How often should you water a Christmas tree? Experts reveal the ideal amount - and it's more than you might think

Here's how often you should water a Christmas tree, according to garden and home insurance experts, who also reveal the dangers of not doing it enough

Cozy living room with open fire and real Christmas tree to suppoert an article answering how often should you water a Christmas tree
(Image credit: Future)

If you've chosen a real fir tree for the holidays this year you might be wondering how often you should water your Christmas tree to ensure it lasts as long as possible.  

There will be those that might not be aware that even the best real Christmas trees need watering, left alone asking how often but it's a hugely important task, far more so than perfecting your Christmas tree decorating ideas.

Keeping a freshly-cut fir well-watered is about more than merely keeping your Christmas tree theme looking its best on lush greenery, it's also about avoiding a dry, potentially dangerous fire hazard for your home. “A dry Christmas tree is highly flammable,” warn the experts at Alan Boswell Landlord Building Insurance. “For those opting for real trees, make sure to keep them hydrated to avoid this."

So just how much is enough when it comes to keeping Christmas trees hydrated? We asked horticultural experts and, much like how often should you water succulents, it would seem the gardening pros are unanimous in their advice – and it's more than most of us on the w&h team would have ever guessed. 

How often should you water a Christmas tree? 

How long a real Christmas lasts is very much down to being well-watered. This is even more important when buying real Christmas trees online because the time in transit could possibly affect how it's cared for.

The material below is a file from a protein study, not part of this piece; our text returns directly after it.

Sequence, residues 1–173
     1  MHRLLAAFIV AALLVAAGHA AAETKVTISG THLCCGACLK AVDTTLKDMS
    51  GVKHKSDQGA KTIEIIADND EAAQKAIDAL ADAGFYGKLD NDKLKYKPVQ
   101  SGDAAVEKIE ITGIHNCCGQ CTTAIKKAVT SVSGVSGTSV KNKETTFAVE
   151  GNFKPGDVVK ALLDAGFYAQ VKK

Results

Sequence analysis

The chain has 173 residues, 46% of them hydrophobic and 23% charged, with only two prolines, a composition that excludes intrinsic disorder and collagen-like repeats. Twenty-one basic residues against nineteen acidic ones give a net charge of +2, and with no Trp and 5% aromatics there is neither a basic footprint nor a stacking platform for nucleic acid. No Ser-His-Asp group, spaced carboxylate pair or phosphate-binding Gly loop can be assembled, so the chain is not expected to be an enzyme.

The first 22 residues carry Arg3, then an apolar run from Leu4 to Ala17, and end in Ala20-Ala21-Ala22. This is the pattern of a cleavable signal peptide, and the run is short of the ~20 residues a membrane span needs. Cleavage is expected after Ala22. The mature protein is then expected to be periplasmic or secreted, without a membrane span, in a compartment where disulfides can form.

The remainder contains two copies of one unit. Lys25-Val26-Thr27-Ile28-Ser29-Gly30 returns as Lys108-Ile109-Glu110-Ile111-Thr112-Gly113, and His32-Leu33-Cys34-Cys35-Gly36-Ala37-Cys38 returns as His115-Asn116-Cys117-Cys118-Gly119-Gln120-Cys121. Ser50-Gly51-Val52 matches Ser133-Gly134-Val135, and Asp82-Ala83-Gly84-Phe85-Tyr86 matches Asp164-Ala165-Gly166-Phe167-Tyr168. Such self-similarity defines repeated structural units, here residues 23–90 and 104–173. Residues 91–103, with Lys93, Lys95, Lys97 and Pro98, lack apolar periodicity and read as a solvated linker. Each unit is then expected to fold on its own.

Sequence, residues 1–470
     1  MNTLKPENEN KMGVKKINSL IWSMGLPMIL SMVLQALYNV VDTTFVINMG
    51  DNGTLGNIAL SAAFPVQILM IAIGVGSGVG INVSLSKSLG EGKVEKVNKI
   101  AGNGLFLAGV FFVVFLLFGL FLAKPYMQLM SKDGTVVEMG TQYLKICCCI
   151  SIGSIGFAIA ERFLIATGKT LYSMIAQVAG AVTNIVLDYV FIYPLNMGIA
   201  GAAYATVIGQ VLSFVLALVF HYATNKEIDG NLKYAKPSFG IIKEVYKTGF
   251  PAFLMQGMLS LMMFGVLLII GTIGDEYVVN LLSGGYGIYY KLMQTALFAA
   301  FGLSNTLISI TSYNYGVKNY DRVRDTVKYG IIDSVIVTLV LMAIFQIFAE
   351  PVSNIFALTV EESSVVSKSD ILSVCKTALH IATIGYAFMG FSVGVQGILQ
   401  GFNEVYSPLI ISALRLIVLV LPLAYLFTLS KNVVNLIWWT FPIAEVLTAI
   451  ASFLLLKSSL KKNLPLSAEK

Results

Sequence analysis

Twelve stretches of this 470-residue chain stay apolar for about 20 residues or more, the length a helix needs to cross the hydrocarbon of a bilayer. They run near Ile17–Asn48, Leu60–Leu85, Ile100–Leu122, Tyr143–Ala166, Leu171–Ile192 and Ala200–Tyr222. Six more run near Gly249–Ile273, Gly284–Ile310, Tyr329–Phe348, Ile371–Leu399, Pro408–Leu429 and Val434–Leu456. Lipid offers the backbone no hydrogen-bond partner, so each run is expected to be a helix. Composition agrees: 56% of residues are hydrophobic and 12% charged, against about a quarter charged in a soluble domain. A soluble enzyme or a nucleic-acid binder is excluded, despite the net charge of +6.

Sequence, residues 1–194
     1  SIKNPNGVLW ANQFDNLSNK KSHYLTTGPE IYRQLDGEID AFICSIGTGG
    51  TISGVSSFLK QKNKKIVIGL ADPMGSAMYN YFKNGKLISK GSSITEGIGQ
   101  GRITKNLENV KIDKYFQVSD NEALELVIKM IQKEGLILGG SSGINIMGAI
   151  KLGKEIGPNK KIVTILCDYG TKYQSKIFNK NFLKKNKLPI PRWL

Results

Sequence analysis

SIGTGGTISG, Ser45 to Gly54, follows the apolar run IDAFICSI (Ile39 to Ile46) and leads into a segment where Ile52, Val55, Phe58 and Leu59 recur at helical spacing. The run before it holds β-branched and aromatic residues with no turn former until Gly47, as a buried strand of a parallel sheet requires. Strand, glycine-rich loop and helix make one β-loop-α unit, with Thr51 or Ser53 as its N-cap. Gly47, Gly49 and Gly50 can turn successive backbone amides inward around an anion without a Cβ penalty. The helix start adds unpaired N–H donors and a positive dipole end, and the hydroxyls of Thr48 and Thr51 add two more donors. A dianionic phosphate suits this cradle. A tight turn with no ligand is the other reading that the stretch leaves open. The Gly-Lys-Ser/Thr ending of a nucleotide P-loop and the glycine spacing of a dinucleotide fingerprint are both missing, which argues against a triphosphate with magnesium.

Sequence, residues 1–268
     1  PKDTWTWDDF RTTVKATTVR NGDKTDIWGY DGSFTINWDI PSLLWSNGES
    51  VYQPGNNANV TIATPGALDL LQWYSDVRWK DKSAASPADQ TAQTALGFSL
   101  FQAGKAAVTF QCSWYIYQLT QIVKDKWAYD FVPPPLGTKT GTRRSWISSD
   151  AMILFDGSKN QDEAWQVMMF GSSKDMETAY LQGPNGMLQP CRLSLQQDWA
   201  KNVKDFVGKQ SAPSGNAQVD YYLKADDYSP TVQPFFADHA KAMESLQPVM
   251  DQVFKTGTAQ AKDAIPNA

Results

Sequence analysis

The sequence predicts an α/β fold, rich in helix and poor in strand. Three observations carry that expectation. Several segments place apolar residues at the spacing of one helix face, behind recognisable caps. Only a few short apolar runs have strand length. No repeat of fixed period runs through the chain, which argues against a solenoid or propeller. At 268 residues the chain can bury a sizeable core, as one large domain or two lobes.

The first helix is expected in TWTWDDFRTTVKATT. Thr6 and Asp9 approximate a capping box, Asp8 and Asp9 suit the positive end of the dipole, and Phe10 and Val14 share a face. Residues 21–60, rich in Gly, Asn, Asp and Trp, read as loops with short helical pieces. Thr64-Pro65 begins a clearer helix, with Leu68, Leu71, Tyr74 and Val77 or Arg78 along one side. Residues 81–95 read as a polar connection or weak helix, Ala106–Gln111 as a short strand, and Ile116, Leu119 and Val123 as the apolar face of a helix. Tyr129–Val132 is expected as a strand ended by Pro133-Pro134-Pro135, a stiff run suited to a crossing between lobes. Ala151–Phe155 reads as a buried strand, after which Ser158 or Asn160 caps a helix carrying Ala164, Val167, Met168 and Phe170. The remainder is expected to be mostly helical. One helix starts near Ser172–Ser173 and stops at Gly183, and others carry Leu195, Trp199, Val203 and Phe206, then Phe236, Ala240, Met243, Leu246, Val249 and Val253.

"You should water your real Christmas tree with at least 500ml of water, once a day," advises Liam Walsh, a horticultural expert from Log Delivery. "This is really important, as Christmas trees can actually take in up to 2 liters of water a day, depending on the size. Get yourself into a good routine of watering your Christmas tree so you don't forget, to ensure that you're not letting your tree dry out."

“You ought to water your Christmas tree on a daily basis, in the same way, you do for your favorite fresh-cut flowers or potted plants," agrees David Denyer, award-winning in-house florist at eflorist

"The amount, however, is largely dependent on the temperature of the room. If you’re someone who needs the heating on full blast from October to March every year, then your Christmas tree might need as much as three pints of water in a single day," says David. "Generally speaking, it’s best to keep your tree in a cool location with limited exposure to the sun. This, in tandem with regular watering, should see your tree last for roughly six weeks.”

Base of a decorated christmas tree on a circular gray mat with presents surroudning it and a watering can to make your question t how often should you water a Christmas tree

(Image credit: Getty Images | Rike)

"As long as there is always water for the tree to take in, then your tree will stay healthy for as long as possible," adds Liam.

Our team of experts shared these top watering tips:

  • Cut the base to encourage better feeding: Before you've decorated it in your finest array of the best Christmas decorations, experts advise cutting the trunk for better results when watering. "As soon as you take your tree out of the net, you should cut 1-2 inches off the bottom of the trunk before placing it in a large bucket or tree stand," advises William Mitchell, gardening expert, and owner of Sutton Manor Nursery. "This opens up the tree’s pores, allowing it to easily absorb water. If you don’t cut the bottom of the trunk, it will remain blocked with sap and will struggle to drink water, no matter how often you feed it."
  • Don't add sand to your stand to support the trunk: "You should refrain from putting your tree in soil or sand as this will also block the pores, making water absorption extremely difficult," says William.